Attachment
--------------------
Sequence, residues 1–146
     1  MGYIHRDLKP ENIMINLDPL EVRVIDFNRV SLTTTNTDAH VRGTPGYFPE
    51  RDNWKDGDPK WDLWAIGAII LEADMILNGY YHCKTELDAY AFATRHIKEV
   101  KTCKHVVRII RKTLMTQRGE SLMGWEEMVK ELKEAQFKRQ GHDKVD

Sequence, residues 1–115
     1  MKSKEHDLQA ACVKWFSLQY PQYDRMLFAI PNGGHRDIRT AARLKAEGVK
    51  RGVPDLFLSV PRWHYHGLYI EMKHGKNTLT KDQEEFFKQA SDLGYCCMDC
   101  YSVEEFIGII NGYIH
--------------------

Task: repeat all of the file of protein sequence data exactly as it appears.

Sequence, residues 1–146
     1  MGYIHRDLKP ENIMINLDPL EVRVIDFNRV SLTTTNTDAH VRGTPGYFPE
    51  RDNWKDGDPK WDLWAIGAII LEADMILNGY YHCKTELDAY AFATRHIKEV
   101  KTCKHVVRII RKTLMTQRGE SLMGWEEMVK ELKEAQFKRQ GHDKVD

Sequence, residues 1–115
     1  MKSKEHDLQA ACVKWFSLQY PQYDRMLFAI PNGGHRDIRT AARLKAEGVK
    51  RGVPDLFLSV PRWHYHGLYI EMKHGKNTLT KDQEEFFKQA SDLGYCCMDC
   101  YSVEEFIGII NGYIH